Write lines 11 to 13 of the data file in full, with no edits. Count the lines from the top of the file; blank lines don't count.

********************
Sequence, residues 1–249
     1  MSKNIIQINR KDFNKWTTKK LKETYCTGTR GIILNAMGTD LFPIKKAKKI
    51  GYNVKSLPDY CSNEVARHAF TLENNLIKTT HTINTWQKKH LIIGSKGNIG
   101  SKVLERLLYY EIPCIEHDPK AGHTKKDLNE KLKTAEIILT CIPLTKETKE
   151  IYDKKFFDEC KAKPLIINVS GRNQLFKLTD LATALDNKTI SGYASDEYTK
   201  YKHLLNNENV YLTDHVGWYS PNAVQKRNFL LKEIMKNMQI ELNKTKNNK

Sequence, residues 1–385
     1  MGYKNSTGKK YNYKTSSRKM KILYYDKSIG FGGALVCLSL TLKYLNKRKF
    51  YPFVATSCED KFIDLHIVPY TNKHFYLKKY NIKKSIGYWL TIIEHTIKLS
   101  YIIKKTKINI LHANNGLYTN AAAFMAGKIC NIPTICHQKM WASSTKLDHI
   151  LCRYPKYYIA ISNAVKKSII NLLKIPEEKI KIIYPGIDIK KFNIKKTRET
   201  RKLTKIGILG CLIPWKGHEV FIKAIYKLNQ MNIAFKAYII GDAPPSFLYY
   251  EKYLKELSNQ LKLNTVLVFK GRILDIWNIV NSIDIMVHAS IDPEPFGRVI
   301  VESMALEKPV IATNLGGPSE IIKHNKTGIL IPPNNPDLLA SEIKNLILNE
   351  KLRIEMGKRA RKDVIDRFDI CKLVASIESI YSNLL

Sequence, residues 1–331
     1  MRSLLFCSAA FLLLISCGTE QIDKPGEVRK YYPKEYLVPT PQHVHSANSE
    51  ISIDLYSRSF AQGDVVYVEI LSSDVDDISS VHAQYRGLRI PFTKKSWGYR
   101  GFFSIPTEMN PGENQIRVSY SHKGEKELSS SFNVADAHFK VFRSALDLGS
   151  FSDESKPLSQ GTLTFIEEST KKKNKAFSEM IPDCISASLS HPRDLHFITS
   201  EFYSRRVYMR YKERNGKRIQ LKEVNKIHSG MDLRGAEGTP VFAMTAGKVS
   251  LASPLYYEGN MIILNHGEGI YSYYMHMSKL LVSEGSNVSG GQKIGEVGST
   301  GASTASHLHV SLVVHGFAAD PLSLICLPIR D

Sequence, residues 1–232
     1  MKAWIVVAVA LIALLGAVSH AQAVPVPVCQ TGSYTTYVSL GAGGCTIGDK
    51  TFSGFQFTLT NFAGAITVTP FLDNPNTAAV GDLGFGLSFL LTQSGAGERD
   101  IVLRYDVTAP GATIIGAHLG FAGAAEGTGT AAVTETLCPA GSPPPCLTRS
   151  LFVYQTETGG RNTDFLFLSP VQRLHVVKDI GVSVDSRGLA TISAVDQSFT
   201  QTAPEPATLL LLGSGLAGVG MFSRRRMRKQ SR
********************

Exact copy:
   151  LCRYPKYYIA ISNAVKKSII NLLKIPEEKI KIIYPGIDIK KFNIKKTRET
   201  RKLTKIGILG CLIPWKGHEV FIKAIYKLNQ MNIAFKAYII GDAPPSFLYY
   251  EKYLKELSNQ LKLNTVLVFK GRILDIWNIV NSIDIMVHAS IDPEPFGRVI